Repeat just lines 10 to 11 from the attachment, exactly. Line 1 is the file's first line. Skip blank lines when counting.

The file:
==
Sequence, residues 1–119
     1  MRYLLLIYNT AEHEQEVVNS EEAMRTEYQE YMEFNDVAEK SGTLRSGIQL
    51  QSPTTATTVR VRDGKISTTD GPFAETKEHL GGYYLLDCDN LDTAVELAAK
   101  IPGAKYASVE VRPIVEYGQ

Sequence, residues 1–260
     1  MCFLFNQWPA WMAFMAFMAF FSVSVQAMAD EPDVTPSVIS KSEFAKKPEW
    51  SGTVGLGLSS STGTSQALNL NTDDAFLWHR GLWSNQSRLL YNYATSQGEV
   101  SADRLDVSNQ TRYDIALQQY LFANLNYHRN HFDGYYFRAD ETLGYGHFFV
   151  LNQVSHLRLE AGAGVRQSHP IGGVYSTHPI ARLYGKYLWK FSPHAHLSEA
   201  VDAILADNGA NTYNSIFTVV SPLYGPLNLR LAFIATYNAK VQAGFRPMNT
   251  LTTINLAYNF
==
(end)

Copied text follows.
   201  VDAILADNGA NTYNSIFTVV SPLYGPLNLR LAFIATYNAK VQAGFRPMNT
   251  LTTINLAYNF